How to Prepare Your Child for Daylight Saving Time

For many people, the end of daylight saving time this weekend means a lovely extra hour of Zzzs. But for parents of young children who live on the Schedule, it means panic. Because if your little ones usually wake up at 5:45 am, now they wake up at the bloody hour of 4:45 am, emitting their mood, and you – in search of more coffee.

Here are some ways to make the impending change of time easier for everyone:

  • Gradually shift your sleep time and bedtime. For a week or so, shift your bedtime 10-15 minutes every night or two until you are back on your schedule. (For example, if they usually go to bed at 7:00 pm, have them go to bed at 7:15 am on Thursday, at 7:30 am on Friday, at 7:45 am on Saturday, and by the time school day is Monday they will return to the schedule.) You can start this process even if the time change has already occurred.
  • Control the light. Buy tinted shades to keep your kids room from screaming “Time to wake up!” when it isn’t.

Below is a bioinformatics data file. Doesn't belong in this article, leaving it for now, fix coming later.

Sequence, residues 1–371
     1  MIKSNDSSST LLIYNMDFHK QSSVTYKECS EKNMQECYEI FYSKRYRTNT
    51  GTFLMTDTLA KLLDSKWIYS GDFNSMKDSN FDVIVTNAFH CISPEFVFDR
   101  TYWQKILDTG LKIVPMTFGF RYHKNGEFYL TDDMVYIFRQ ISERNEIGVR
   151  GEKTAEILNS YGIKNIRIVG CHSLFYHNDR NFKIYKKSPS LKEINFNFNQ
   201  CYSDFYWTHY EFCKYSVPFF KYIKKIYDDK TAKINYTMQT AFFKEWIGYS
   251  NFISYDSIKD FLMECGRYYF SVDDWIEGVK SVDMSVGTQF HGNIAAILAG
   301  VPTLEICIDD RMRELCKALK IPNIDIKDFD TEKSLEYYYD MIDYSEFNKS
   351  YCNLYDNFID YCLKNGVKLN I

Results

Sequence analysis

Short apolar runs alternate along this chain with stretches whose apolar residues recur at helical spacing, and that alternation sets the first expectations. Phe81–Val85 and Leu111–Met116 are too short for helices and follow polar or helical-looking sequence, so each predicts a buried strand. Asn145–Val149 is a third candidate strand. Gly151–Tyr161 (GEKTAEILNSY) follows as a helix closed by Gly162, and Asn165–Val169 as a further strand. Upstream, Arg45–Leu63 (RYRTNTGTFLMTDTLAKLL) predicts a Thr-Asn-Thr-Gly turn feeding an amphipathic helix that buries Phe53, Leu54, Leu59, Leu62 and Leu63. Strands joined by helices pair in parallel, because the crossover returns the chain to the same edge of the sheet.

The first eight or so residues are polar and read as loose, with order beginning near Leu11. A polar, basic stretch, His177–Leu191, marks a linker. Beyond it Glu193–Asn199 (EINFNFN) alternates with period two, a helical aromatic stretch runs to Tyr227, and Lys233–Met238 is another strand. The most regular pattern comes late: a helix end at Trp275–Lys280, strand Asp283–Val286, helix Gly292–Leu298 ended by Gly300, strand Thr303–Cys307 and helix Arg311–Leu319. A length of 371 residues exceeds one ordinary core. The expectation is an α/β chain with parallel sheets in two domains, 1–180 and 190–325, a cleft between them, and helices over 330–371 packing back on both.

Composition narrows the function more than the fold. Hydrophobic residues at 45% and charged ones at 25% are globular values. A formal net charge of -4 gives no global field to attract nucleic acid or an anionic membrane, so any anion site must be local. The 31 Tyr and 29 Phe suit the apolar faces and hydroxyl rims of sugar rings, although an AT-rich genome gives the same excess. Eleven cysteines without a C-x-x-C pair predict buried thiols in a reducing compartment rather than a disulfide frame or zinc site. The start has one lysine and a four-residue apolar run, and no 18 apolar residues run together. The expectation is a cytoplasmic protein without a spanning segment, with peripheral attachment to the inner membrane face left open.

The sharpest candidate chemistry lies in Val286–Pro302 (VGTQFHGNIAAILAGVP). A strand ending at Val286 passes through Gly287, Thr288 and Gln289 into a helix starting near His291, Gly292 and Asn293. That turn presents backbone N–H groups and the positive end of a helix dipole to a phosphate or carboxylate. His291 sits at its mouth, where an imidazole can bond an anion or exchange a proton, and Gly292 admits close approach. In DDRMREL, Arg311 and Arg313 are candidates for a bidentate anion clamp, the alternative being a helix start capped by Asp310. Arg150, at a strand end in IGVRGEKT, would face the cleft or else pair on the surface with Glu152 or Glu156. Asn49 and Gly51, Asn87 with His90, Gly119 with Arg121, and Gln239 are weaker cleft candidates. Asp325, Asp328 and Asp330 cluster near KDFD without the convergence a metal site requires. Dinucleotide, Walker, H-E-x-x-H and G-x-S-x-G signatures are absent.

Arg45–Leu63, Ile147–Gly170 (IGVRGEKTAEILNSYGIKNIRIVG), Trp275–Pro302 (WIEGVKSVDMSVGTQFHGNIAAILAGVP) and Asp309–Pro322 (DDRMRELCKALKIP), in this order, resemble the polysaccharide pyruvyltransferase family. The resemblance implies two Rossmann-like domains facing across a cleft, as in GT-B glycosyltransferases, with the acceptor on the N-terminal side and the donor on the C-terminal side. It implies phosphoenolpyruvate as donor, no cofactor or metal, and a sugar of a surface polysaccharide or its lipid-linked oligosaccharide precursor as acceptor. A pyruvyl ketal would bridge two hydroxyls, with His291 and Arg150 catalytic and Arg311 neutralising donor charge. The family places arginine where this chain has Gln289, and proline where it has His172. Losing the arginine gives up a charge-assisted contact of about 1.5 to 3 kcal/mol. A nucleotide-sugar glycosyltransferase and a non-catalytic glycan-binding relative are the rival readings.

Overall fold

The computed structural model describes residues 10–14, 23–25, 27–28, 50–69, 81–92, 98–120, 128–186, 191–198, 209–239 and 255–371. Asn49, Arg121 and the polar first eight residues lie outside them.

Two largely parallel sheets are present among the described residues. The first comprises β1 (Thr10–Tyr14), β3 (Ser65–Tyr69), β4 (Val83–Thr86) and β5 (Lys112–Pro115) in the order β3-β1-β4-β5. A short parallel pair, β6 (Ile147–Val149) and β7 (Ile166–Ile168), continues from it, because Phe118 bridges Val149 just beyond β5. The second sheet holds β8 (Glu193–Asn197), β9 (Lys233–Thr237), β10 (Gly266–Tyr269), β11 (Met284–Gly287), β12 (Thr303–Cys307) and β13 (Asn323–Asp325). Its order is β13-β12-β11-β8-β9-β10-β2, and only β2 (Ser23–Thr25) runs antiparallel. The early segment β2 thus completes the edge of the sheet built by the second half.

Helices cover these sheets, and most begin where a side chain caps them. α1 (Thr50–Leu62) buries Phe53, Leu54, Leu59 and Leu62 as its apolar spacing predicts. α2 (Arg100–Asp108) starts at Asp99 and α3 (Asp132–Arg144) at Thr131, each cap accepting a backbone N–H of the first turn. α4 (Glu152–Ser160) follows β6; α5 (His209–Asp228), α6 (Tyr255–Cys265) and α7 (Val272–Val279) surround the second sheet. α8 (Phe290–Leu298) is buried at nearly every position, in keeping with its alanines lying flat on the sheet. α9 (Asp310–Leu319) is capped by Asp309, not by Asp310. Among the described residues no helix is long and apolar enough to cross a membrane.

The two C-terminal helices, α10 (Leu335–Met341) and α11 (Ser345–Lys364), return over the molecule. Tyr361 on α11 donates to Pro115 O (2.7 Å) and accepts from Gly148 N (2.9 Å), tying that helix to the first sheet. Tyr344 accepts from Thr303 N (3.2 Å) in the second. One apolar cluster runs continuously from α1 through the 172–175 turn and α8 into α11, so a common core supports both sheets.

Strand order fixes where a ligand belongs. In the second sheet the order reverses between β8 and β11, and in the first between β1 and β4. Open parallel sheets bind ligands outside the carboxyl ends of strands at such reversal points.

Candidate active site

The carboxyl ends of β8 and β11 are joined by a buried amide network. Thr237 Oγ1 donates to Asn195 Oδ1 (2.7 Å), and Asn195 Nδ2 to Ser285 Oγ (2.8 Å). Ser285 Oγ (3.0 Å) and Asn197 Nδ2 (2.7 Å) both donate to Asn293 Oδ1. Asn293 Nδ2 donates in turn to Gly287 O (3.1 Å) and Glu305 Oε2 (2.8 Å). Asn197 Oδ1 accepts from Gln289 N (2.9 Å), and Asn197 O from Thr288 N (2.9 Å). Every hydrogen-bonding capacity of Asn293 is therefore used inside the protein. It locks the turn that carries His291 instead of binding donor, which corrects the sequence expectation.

• Practice good sleeping habits. Neither children nor adults are adapted to the changes in our circadian rhythm, so it’s important to do our best to sleep better . This means regular exercise, meditation before bed, and no distractions at night. Children are particularly vulnerable to sleep disturbances due to screen time, according to a new study published in the journal Pediatrics . The researchers recommend limiting children’s media use an hour before bed and removing all electronic media, including tablets, televisions, and phones, from their bedrooms.


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